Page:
Since Walt Disney World first opened in 1971, the resort has been ever-evolving. From the early years of the “Vacation Kingdom of the World” to its current incarnation as a four-theme park, potentially self-contained vacation destination, each decade of Disney World’s existence has brought a slew of changes.
To really drive home how Walt Disney World has evolved over the years, perhaps a little experiment is in order. We’re going to look through the eyes of a guest visiting Disney World every ten years from its opening day to the present.
Welcome to Walt Disney World — by the decade!
For those lucky enough to visit Walt Disney World during its opening year, they experienced a vacation destination the likes of which had never been seen before.
Unsurprisingly, the largest draw at the time (and arguably still is) Magic Kingdom. The then-new park took the ultra-successful blueprint laid by Disneyland and replicated it on a gigantic scale. Everything from the castle weenie to the walkways were bigger, while the attractions were a mixture of improved clones and brand new rides and shows that couldn’t be seen in the park’s west coast counterpart.
Beyond Magic Kingdom itself, early Disney World trips were built around the Seven Seas Lagoon. Guests could choose to stay at the Polynesian Village Resort, the Contemporary Resort (both of which offered dining and entertainment options as well as watercraft rentals and access to the Monorail), or First Wilderness Resort and Campground.
In addition to the fun of what was, part of the appeal of Walt Disney World during its opening year was the promise of what could be. Even then, Disney actively touted the amount of available space they had to expand both Magic Kingdom and the Walt Disney World resort as a whole.
Opening day guests returning to Walt Disney World a decade later in 1981 would find a resort that had substantially grown in the previous ten years while still maintaining the same basic structure.
During its first decade, Magic Kingdom added several E-Ticket attractions that are still major draws for the park today, The first of these was Pirates of the Caribbean in 1973, which was quickly added thanks to guest demand.
Magic Kingdom saw the additions of Space Mountain and Big Thunder Mountain in 1975 and 1980 respectively. These massive, roller coaster style attractions were the first true thrill rides at Walt Disney World and forever changed the type of attractions Imagineering developed for the parks and how guests toured the park.
Outside the park, the overall Walt Disney World complex had grown as well. The World’s Resort hotel offerings expanded twice: The Disney Village Resort (later known as the Disney Institute and the grounds of which are now part of Saratoga Springs) opened in 1972, and The Golf Resort (now known as Shades of Green) opened in 1973.
Hotel rooms weren’t the only things to open at Walt Disney World in the 1970s, though. Someone visiting in 1981 for the first time in a decade would also find the Disney Village Marketplace (opened 1975, the earliest version of the area now known as Disney Springs) and Disney’s River Country (the first themed waterpark in the world, which opened in 1976).
While there were definitely some big additions between 1971 and 1981, the new addition visitors in that latter year were likely most excited about wasn’t even open yet: EPCOT Center.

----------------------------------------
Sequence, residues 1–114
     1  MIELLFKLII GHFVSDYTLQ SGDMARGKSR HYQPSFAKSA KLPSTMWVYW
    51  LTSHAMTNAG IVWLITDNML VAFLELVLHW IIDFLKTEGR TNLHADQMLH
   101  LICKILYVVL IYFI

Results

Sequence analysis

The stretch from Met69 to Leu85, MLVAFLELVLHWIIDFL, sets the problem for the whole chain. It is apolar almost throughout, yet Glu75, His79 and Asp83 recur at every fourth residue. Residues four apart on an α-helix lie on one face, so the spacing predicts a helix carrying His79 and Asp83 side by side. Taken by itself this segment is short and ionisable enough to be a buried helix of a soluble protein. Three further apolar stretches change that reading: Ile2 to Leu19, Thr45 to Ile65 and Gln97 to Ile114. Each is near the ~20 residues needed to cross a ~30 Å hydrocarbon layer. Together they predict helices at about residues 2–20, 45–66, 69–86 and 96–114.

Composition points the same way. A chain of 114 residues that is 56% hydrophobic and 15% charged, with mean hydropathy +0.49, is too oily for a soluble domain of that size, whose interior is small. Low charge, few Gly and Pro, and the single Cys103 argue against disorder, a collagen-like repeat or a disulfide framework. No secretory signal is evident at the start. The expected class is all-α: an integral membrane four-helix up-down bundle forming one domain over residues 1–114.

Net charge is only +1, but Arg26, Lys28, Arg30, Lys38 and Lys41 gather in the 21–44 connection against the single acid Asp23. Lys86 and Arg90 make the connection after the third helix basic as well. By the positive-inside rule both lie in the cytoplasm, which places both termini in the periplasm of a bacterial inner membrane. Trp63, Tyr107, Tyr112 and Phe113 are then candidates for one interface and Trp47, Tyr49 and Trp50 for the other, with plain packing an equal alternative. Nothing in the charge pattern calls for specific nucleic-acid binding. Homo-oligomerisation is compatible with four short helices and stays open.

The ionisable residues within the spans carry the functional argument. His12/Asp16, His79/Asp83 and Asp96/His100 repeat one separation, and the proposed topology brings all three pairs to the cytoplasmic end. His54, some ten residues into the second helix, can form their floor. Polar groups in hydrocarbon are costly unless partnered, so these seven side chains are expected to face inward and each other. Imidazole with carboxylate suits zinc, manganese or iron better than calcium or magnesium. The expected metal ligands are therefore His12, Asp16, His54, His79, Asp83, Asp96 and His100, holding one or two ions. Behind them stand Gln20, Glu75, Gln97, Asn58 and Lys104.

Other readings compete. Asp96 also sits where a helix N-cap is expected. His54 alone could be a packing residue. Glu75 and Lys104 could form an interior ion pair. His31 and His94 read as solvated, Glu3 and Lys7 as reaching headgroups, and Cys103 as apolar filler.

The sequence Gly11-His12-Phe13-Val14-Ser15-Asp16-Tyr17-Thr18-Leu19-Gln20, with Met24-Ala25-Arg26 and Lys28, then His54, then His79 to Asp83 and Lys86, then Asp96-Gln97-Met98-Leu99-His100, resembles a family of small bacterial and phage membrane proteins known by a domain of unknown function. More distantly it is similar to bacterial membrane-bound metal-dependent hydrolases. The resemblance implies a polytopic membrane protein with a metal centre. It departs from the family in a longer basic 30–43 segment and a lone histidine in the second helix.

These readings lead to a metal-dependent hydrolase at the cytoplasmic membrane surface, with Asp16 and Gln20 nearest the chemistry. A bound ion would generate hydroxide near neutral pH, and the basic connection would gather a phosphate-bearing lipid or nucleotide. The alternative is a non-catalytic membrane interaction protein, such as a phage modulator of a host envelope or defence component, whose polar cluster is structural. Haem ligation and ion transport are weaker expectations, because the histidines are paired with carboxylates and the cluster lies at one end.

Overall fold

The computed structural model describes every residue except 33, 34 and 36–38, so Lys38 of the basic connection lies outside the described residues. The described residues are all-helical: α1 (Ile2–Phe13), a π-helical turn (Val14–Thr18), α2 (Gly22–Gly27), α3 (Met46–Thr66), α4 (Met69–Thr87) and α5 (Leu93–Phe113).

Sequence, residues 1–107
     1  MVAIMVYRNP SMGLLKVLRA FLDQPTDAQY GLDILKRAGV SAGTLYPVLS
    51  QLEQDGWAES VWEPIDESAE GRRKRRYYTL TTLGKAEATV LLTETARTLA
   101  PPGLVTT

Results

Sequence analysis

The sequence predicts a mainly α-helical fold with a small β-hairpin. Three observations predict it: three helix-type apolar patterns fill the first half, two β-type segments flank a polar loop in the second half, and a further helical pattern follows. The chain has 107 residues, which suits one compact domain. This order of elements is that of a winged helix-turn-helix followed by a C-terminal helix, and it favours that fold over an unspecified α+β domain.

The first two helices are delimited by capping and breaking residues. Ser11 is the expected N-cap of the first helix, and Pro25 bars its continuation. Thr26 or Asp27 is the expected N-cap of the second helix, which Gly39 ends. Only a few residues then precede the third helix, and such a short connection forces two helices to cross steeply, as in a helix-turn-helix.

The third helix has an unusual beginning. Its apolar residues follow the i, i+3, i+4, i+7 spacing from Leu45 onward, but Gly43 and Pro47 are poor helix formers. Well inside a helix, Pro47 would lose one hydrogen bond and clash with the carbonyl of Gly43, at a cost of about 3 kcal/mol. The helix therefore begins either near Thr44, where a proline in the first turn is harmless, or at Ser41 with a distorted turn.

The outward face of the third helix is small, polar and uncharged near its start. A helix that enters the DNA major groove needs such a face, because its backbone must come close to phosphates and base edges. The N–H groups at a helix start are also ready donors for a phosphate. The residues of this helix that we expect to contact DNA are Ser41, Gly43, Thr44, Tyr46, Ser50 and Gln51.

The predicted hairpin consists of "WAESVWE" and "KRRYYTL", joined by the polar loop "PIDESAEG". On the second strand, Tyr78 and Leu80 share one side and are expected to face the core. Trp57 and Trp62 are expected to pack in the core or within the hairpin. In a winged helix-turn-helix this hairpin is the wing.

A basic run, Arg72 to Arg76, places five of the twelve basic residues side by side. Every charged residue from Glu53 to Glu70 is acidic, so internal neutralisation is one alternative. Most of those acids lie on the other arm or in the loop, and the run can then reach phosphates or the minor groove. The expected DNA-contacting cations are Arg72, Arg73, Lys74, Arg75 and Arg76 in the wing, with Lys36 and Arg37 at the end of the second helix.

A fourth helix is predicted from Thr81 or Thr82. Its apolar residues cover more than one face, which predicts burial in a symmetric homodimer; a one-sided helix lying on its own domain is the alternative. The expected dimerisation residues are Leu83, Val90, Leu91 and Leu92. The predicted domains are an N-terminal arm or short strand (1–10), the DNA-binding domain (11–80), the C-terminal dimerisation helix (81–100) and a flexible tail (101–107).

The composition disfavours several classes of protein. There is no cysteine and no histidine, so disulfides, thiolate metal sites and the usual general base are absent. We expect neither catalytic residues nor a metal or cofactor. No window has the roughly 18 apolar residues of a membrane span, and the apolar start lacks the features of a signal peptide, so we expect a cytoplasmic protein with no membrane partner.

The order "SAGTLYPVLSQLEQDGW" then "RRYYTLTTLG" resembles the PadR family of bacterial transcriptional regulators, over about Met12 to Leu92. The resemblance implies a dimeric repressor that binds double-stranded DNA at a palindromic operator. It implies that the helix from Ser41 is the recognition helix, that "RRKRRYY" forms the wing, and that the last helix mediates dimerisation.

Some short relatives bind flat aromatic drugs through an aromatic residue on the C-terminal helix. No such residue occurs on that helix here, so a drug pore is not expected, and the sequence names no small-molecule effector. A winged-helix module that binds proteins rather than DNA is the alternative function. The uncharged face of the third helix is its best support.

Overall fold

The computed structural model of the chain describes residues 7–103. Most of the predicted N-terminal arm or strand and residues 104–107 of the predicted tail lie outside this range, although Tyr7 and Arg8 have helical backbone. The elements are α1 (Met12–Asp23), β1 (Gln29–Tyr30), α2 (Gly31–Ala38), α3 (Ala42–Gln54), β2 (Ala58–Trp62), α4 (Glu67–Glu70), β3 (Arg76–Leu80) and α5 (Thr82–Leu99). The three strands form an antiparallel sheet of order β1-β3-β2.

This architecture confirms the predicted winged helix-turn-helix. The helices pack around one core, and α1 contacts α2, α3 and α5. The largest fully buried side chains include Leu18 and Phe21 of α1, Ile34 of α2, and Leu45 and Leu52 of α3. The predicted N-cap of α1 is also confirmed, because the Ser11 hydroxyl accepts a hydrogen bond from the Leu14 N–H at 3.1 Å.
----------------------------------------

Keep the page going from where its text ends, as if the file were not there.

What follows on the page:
If the changes between 1971 and 1981 could be described as relatively incremental ones that upgraded the opening day Walt Disney World experience, the ones that occurred between 1981 and 1991 fundamentally changed what Walt Disney World was overall. Gone was the Magic Kingdom-focused Vacation Kingdom built around the Seven Seas Lagoon, and in its place was a massive vacation destination featuring three theme parks, thousands of hotel rooms, and a nightlife district.
The biggest differences (nearly) bookended the decade, though the projects could not have been more different. In 1982 EPCOT Center opened. The massive theme park was Walt Disney’s final – albeit heavily altered – dream come to life. Designed as the swan-song of many of the original generation of Imagineers, the park didn’t feature any Disney characters. Instead, the park featured Future World and World Showcase: two realistic World’s Fair-esque areas that aimed to teach about humanity, its future, and its cultures.
While EPCOT Center was a massive success, the Walt Disney Company as a whole wasn’t doing well in the mid-1980s. After a series of attempted corporate takeovers, Michael Eisner and Frank Wells were installed as the company’s CEO and CFO respectively in 1984. The two would have a near immediate impact on Imagineering and Walt Disney World specifically through the rest of the decade.
One of the new executive team’s first mandates was to greenlight the construction of a third theme park as a way to curb competition from Universal’s then-upcoming Florida Studios park, which Eisner allegedly had foreknowledge of thanks to a pitch he heard during his time as CEO of Paramount Pictures.
Disney’s MGM Studios opened on May 1, 1989. The new park featured rides based around Hollywood films (including The Great Movie Ride and Star Tours) as well as an in-depth production tram tour that took guests around the then-active sets and animation studios housed at the park. Despite arguments from some that it was nothing more than a 1/2 day park, the Studios were a massive success from the start, and the company quickly began expanding the park to meet demand.
The summer of 1989 also saw the opening of two more expansions to Walt Disney World. First up was the the Disneyfied nightclub district Pleasure Island (located next to the Disney Village Marketplace), which provided a nighttime release for parents and other adult guests, while not so coincidently keeping them on-property instead of at the popular Church Street Station complex in Orlando.
Next came Typhoon Lagoon, Disney’s second themed water park. However, unlike the purposely rustic River Country, Typhoon Lagoon featured more thrilling slides.
With all the new additions keeping people on property, Eisner and Wells quickly began expanding the the resorts amount of hotel rooms. Between 1981 and 1991, the company opened the new flagship Grand Floridan Resort and Spa as well as the Caribbean Beach Resort, the Yacht and Beach Club Resorts, the Port Orleans Resort, and the Old Key West Resort.